Yale Law graduate JD Vance grew up poor, in a neighbourhood full of abuse and irresponsibility. In Hillbilly Elegy: A Memoir of a Family and Culture in Crisis, he tells the reader what it was like to grow up in Middle America.
Now that Vance finds himself immersed in a new culture, he recognizes that those in his new culture know little about what life is like for many in Appalachia. That includes me, as I learned a ton from this book. I have had little real-life exposure to the culture Vance lived (though I have seen it depicted on tv/film), so it was educational for me to read about what his life was actually like.
Unfortunately, the negative elements of that culture are not unique to that culture. I recognize some of them among my own family/friends. But when these elements are spread out across a community, there's a stronger support structure to help solve some problems. Unfortunately, there seem to be processes combining that are increasing the concentration of these negative aspects in specific geographies, which makes it very difficult for following generations to break out of some of those cycles.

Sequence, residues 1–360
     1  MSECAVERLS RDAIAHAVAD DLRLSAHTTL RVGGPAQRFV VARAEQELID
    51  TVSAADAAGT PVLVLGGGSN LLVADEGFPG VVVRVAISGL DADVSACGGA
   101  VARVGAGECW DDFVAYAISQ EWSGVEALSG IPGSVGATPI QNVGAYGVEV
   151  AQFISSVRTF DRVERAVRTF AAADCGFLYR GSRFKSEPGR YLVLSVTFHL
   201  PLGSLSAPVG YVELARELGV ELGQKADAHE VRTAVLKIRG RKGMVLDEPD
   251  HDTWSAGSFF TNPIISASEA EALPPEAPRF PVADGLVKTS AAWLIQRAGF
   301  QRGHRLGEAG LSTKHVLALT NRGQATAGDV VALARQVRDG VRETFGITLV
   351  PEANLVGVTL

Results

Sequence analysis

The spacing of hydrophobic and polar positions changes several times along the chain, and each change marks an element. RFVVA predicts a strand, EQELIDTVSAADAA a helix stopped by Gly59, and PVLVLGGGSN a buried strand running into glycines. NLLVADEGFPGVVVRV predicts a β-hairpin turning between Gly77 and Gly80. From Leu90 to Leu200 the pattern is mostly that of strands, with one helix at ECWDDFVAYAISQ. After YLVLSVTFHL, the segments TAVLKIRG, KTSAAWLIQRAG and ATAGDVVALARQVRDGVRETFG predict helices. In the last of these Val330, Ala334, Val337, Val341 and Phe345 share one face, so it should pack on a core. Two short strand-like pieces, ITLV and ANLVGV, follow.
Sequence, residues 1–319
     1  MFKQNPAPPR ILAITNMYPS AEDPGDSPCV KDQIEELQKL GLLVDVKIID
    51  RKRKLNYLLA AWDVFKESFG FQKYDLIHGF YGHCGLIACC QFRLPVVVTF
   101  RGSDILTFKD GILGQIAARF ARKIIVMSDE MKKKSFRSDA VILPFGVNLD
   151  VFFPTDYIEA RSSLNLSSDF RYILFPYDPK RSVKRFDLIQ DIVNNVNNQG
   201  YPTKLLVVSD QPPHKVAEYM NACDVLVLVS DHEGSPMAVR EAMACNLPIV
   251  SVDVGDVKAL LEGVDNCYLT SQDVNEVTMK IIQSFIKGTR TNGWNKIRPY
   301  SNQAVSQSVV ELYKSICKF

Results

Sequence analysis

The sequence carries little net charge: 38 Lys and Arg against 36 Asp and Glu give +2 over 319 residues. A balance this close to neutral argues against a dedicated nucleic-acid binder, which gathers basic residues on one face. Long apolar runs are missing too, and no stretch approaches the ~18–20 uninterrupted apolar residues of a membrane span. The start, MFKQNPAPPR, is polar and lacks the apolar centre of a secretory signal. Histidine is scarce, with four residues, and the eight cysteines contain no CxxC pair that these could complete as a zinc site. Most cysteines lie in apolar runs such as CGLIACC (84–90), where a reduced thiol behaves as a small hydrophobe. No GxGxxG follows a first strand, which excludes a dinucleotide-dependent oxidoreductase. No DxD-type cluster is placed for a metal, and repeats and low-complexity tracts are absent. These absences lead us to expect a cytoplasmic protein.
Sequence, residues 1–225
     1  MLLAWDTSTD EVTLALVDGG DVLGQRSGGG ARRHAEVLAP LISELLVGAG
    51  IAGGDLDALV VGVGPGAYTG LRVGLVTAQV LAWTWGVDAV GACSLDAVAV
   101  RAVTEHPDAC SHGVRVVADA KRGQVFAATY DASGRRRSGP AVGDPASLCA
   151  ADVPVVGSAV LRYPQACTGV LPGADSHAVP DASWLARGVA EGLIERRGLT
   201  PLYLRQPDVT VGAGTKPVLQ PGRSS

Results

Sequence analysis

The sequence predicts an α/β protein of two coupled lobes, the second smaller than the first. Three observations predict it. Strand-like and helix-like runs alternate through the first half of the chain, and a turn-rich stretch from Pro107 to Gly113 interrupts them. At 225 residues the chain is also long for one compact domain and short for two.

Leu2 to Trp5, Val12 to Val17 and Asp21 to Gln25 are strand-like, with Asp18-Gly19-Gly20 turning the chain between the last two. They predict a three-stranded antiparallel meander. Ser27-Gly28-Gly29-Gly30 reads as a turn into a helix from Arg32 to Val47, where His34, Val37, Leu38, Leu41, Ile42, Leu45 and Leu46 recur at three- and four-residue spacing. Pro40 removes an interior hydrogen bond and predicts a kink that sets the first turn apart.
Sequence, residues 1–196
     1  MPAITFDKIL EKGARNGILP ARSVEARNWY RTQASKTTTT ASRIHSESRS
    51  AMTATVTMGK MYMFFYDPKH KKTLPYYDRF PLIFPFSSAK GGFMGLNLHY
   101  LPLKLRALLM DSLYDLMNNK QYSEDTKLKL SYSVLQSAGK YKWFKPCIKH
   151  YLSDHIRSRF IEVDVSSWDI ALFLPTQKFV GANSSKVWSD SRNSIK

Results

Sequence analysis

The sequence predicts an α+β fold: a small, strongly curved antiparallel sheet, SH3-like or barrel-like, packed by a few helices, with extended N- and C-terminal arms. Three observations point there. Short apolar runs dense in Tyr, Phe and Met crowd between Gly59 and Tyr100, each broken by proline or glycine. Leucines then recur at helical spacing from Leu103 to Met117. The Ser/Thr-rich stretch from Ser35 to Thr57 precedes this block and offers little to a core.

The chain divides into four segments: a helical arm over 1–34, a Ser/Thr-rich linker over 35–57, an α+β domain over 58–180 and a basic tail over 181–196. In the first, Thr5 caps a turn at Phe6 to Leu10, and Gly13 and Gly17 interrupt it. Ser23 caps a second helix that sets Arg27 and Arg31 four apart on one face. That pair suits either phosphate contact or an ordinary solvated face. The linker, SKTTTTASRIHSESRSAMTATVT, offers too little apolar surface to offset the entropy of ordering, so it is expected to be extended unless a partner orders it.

It's not until the end that the author has some suggestions for improving the situation in these regions, but there is some good stuff there. It seems unlikely that we'll ever totally get rid of the problems, but there is probably a lot we can do to improve the odds of those on the margins. I highly recommend Hillbilly Elegy: A Memoir of a Family and Culture in Crisis to anyone interested in this topic.